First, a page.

By Sue Chang, MarketWatch , Ryan Vlastelica

J.P. Morgan, Wells Fargo, Bank of America all gain after results

U.S. stocks rose moderately on Friday after earnings from some of the country's biggest banks reassured investors that the financial sector's recent rally was justified. However, the Dow Jones Industrial Average struggled to gain a foothold in positive territory ahead of the long holiday weekend.

Markets have been in an uptrend since November's presidential election, with the bulk of the gains (http://www.marketwatch.com/story/stock-markets-trump-rally-is-mostly-a-bank-rally-2016-11-17) coming from the financial sector, as investors have bet banks would benefit from deregulation under President-elect Donald Trump's incoming administration and an environment that is expected to see rising interest rates.

The strength of the rally--the financial sector is up nearly 20% since the election--could have left stocks vulnerable if the results disappointed.

The Dow Jones Industrial Average slipped 8 points to 19,884. The S&P 500 added 4 points, or 0.2%, to 2,275 and the Nasdaq Composite Index climbed 32 points, or 0.6%, to 5,580.

For the week, the Dow is down 0.4% and the Nasdaq is up 1.1% while the S&P is flat. U.S. financial markets will be closed Monday for Martin Luther King Jr. Day (http://www.marketwatch.com/story/which-us-markets-are-closed-for-martin-luther-king-jr-day-2017-01-12).

Bruce Bittles, chief investment strategist at RW Baird & Co., said the market is still consolidating "Trump gains" from November and December.

It's "difficult to forecast if this is a topping phase or a sidewise movement correction in an ongoing bullish move," he said. "The best assumption is stocks are correcting an overbought [and] overbelieved period that would conclude when sentiment backs away from the excessive optimism seen in several investor surveys."

J.P. Morgan Chase & Co.(JPM) reported earnings and revenue that surged past expectations (http://www.marketwatch.com/story/jp-morgan-reports-better-than-expected-earnings-2017-01-13), helped by its trading division, while earnings at Bank of America Corp.(BAC) rose 43%. On the downside, Wells Fargo & Co.(WFC) reported weaker-than-expected earnings (http://www.marketwatch.com/story/wells-fargo-profit-falls-revenue-misses-estimate-2017-01-13) and revenue in its first full quarter of results since its sales-tactics scandal erupted in September.

The Financial Select Sector SPDR ETF (XLF) rose 0.7%, coming off earlier highs. (http://www.marketwatch.com/story/financial-etf-nears-highest-level-since-2008-after-bullish-bank-results-2017-01-13)

Wayne Kaufman, chief market analyst at Phoenix Financial Services, said the results proved that the sector's postelection rally had been warranted.

"J.P. Morgan had a terrific beat; BofA, a very nice one," said Kaufman. "You'd have to believe that the economy will be lackluster going forward to think that banks won't do well from here. Their valuations are still good because they have more earnings power than investors are giving them credit for."

(http://www.marketwatch.com/story/what-to-expect-from-wells-fargo-earnings-impact-of-sales-tactics-scandal-2017-01-12)See also:Bank ETFs still favored as investors see growth and Trump bump ahead (http://www.marketwatch.com/story/bank-etfs-still-favored-as-investors-see-growth-and-trump-bump-ahead-2017-01-11)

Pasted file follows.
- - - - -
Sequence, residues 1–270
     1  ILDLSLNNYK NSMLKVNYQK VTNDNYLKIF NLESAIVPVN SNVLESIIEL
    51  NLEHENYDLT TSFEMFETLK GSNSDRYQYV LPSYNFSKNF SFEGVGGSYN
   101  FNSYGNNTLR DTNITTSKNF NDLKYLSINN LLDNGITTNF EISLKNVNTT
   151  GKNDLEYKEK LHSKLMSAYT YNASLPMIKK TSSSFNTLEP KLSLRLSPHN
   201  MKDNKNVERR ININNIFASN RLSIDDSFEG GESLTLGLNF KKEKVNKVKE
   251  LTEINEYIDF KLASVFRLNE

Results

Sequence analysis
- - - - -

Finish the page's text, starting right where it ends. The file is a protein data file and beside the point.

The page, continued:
In the latest economic data, U.S. retail sales rose 0.6% in December (http://www.marketwatch.com/story/retail-sales-climb-06-in-december-2017-01-13), less than hadbeen expected, while holiday sales (http://www.marketwatch.com/story/holiday-retail-sales-rise-4-to-beat-nrf-expectations-2017-01-13) were up a better-than-expected 4%. Separately, producer prices were up 0.3% (http://www.marketwatch.com/story/producer-prices-jump-along-with-energy-costs-2017-01-13) while business inventories rose 0.7% (http://www.marketwatch.com/story/business-inventories-surge-in-november-2017-01-13).

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In remarks late Thursday (said%20the%20U.S.%20economy%20faces%20no%20serious%20short-term%20obstacles), Fed chief Janet Yellen reiterated her support for existing regulations on banks and said the U.S. economy faces no serious short-term obstacles.

In overseas economic news, data showed that China's exports last month fell (http://www.marketwatch.com/story/chinas-exports-fall-2-in-2016-extending-decline-2017-01-13) by 6.1%, more than expected.

Corporate movers: Car maker Fiat Chrysler Automobiles NV (FCA.MI) (FCA.MI) was in focus as its stock rebounded in European trading, but its U.S.-listed shares were down in premarket action. Fiat fell Thursday after the Environmental Protection Agency alleged the company had used software to cheat on diesel emissions testing (http://www.marketwatch.com/story/fiat-chryslers-stock-plunges-epa-issues-notice-of-violation-2017-01-12).

Other markets:Oil futures (http://www.marketwatch.com/story/oil-higher-after-saudi-arabia-cuts-output-china-imports-rise-2017-01-13), gold futures and a key dollar index (http://www.marketwatch.com/story/dollar-recaptures-lost-ground-after-losses-linked-to-trump-conference-2017-01-13) were all trading lower. European stocks (http://www.marketwatch.com/story/fiat-rebound-sends-european-stocks-higher-into-the-weekend-2017-01-13) finished higher, and Asian markets closed mixed (http://www.marketwatch.com/story/asian-markets-largely-retreat-on-profit-taking-2017-01-12).

--VictorReklaitis contributed to this report.

(END) Dow Jones Newswires

January 13, 2017 14:13 ET (19:13 GMT)

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